Parkinson’s Dementia in Seniors

Parkinson’s Dementia in Seniors

In simplest terms, Parkinson’s Dementia in Seniors “PD” is a central nervous system disorder than can affect movement, often involving tremors. These tremors can be exhibit themselves in outer extremities such as legs and arms, or internally such as one’s larynx impacting their ability to swallow.

The Parkinson’s Foundation lists 10 early signs of “PD” Parkinson’s Dementia.

  1. Tremors
  2. Small Handwriting
  3. Loss of smell
  4. Trouble sleeping
  5. Trouble moving or walking
  6. Constipation
  7. A soft of low voice
  8. Masked face
  9. Dizziness or fainting
  10. Stooping or Hunching Over

If you or a loved one is experiencing these please schedule an appointment with your Doctor. For further information on Parkinson’s please visit Parkinson.org

#parkinsonsdisease #seniorcare #eldercare #homecare #seniorhomecare #caregiver #CNA #sarasotaseniorcare

Read More
Dementia in Seniors with home care services

Dementia & Behaviors in Seniors

With Dementia, we may often see behaviors in an individual, secondary to that individuals frustration or inability to communicate effectively. There are often triggers of these behaviors.

Below is a helpful chart to assist you in recognizing what those triggers may be.





Untitled Document

Trigger Description What to Do?
Physical

Too hot or too cold?

Use bathroom?

Thirsty or hungry?

Check comfort – re position, assess skin temperature and remove sweater if hot add if cold.

Show toilet for visual cue, ask if has to toilet using words that they recognize (Pee, Poop, make water, BM, etc).

Show a snack or beverage when offering it.

Emotional

Person may isolate self when world is overwhelming.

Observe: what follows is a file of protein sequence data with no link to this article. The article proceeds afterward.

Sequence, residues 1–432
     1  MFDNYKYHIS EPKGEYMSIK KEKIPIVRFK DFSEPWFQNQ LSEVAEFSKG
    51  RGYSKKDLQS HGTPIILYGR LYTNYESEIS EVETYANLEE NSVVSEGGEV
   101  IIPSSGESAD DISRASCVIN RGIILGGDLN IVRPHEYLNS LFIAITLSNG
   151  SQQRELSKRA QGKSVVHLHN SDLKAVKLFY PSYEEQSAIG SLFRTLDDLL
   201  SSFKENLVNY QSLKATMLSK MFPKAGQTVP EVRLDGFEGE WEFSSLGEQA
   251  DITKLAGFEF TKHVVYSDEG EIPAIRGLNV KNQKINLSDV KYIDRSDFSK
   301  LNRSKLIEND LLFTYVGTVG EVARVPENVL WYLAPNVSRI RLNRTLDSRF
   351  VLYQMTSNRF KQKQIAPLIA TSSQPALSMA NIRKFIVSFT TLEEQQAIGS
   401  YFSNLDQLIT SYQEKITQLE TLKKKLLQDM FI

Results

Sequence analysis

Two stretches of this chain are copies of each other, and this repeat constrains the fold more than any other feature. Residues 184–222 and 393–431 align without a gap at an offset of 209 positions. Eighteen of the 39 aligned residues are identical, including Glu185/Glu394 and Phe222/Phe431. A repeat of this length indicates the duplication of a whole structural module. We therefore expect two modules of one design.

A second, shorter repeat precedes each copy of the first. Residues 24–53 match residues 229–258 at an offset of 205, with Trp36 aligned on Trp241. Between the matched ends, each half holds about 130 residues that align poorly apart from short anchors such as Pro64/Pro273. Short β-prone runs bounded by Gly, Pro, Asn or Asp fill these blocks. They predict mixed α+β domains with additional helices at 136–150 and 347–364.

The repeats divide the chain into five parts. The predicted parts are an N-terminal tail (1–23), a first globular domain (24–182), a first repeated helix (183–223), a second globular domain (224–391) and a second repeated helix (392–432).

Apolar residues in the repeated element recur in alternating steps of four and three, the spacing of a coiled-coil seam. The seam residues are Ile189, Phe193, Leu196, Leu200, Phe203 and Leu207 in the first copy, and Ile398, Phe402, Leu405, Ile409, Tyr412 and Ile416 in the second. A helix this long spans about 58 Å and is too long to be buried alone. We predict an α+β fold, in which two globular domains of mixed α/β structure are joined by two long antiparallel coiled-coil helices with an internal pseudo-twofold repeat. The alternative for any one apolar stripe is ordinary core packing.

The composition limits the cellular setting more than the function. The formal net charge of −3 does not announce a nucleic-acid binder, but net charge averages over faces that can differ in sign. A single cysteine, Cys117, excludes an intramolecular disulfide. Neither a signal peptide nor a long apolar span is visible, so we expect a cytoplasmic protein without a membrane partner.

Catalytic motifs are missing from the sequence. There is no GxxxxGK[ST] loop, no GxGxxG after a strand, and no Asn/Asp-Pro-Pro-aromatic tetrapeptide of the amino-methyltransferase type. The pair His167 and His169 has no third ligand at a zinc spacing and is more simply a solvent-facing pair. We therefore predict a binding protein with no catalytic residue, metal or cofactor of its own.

Verbal outbursts- cursing, crying, screaming.

Shadow staff as fear being alone.

Provide one on one. Reassure them.

Let him/her shadow. It will not be for a long time.

Make sure you are providing body language that is welcoming such as smiling.

Tasks

Doing anything with too many steps.

Doing something unfamiliar.

Break tasks into small steps to match ability of the person.

Steps will need to become even smaller as the person declines in cognition.

When introducing a new task try to couple it with something familiar and slowly introduce the new part.

Communication

Difficulty expressing wants, thoughts, and needs.

Unable to understand others.

Help the person find the word to express their thoughts.

Provide them with two clear choices State a direction, wait for a response.

If person does not understand, add pictures.



Read More
Happy Thanksgiving - Senior Home Care Sarasota

Inclusive Activities for Seniors during Thanksgiving

Holiday Activities & Home Care

Imagine your house full of people you love, endearing conversations being had between family members, loved ones yelling at the T.V. for sports games, children chasing each other from room to room developing life long friendships with their cousins. Sounds amazing right?

Now imagine you are a Senior, hard of hearing, trying to remember who these people are, attempting to remember “Why am I here again?”, “What are we celebrating?”. A family member asks you a question, and a well meaning daughter or spouse answers for you, robbing you of the opportunity for a social connection. The emotion is much different, right?